May 24, 2015

Legacy Building – What do you Most Remember about the Characters in Your Childhood?

I have been thinking a lot lately about our legacies – the historical past that has shaped our life narratives. It takes a bit of pause and reflection to look back on your past and SEE the puzzle pieces of the narrative that lives within. So much of our experiences directly affect how we engage (or disengage) and interact with our world; how we internalize new input; how we assimilate new information; how we cope; how we feel; how we LOVE.

I have always known I’ve had a past. Mostly filled with love. Some bumps and hurts and growing pains along the way but mostly a positive bringing up. It wasn’t until I began to look at the characters within my story that many of my story-lines, and common threads and themes began to make sense. 
I recently read an article in the NY-Times by Sarah Williamson in reference to children’s real-life, story-narratives and how important they are for building and maintaining self esteem; cultivating a rich understanding of a child’s family; providing a sense of belonging to a child within the bigger life picture; creating a sense of community; and installing a sense of BELONGING. ( )
As I’m reading this article and pondering my Life Story,  I’m wonder about the current narratives of my own little authors- who are building their life stories every day. Stories in which I am merely (and most wonderfully) a character. How freeing and exhaling is that? I cannot completely control the tale they are creating but I am certainly an influential character in each of their stories… And I wonder what my character will be. Control freak? Loving nurturer? Friend? Disciplinarian? Supporter? Advocate? Good cop? Bad cop? These are all ways in which I can play a role in my children’s story but there are so so many. And to know I am many roles (and to know I can work to change my roles) is an empowering discovery. 

But what will they remember? When they look back on their lives, what will live on in my character?
I’m exploring the characters in my life’s story and invite you to do the same, if you’re into that kind of thing.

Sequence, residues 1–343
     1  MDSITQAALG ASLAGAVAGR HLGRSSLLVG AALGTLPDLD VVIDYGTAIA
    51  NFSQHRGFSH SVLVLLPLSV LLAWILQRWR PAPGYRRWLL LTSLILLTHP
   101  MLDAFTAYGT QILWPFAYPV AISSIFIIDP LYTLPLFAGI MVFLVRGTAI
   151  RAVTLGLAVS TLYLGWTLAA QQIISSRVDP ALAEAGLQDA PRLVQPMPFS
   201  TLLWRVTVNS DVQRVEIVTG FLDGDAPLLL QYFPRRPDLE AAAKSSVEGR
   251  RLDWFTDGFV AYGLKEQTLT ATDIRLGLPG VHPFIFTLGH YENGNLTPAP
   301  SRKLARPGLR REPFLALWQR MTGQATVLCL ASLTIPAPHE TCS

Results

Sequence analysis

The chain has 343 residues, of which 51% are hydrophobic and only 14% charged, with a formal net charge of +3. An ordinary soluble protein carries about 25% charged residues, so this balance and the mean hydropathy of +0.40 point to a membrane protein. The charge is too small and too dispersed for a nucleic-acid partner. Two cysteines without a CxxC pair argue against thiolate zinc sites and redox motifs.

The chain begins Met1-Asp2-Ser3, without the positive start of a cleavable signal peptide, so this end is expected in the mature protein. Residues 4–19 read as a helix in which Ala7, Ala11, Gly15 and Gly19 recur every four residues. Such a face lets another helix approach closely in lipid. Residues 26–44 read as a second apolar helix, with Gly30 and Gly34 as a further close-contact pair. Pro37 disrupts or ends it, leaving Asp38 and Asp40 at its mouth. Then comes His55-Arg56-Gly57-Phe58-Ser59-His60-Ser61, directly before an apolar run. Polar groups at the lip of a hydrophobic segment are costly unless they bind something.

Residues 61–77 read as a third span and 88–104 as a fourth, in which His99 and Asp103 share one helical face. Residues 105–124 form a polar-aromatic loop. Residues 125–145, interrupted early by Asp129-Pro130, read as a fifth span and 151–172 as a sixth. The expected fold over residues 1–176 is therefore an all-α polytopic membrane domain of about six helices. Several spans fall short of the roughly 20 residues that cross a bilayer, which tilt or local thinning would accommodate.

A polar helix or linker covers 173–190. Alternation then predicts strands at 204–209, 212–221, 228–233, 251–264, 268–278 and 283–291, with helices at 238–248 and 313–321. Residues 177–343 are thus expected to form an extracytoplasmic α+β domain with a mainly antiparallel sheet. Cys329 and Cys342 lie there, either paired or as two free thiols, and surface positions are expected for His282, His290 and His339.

To make it a more doable task I decided to write it in Pillow Book form. When I was a junior in high school I took a creative writing class and my teacher, Ms. Jessup taught us about Pillow Books Writing – a running list of items that fall under a certain category. In high school I wrote some silly ones like : 
Things I Want To Test In The Microwave 
10 Thing You Can Do With A Toothbrush
I also wrote some Get-me-through-the-day lists like:
10 Quotes That Inspire Me
10 Things I Love About ME
In this Legacy-Witnessing Challenge, my list is :
10 Things I Learned From {Insert Character’s Name Here}
I started with my Grandma Dawn because I always think about her a lot this time of year. You can make your list longer or shorter (and can even offer this writing-style to your children!) the idea is that you do NOT have to write ALL the information down at once. You sit with the theme or subject line and allow your mind to wander and walk through it. As inspiration strikes you can add them to your list. {Often I am inspired in the shower and have a shower crayon handy to jot down shower-wall notes!} It’s really a practice in allowing your intuition to guide you into your writing. I have found this to be a very useful tool in my mindfulness toolkit. 

Here is my list for my Grandma Dawn. I had not intended on it being so lengthy…. But here it is…in all my thought-processes.
1. Meals on Wheels
3. Listen To The Animals
4. Long Nature Walks
5. Poopy, Poopy, Poopy
6. Wardrobe Shopping
7. People Watching
8. Mother’s Day Flowers
9. Kid Friendly
10. Craft Shows!
11. Vacations In The Mountains
That’s the short list. 
What do the characters in your legacy look like? 
What will your character traits be within the stories your little ones are making?
Love and Reflection to you all <3

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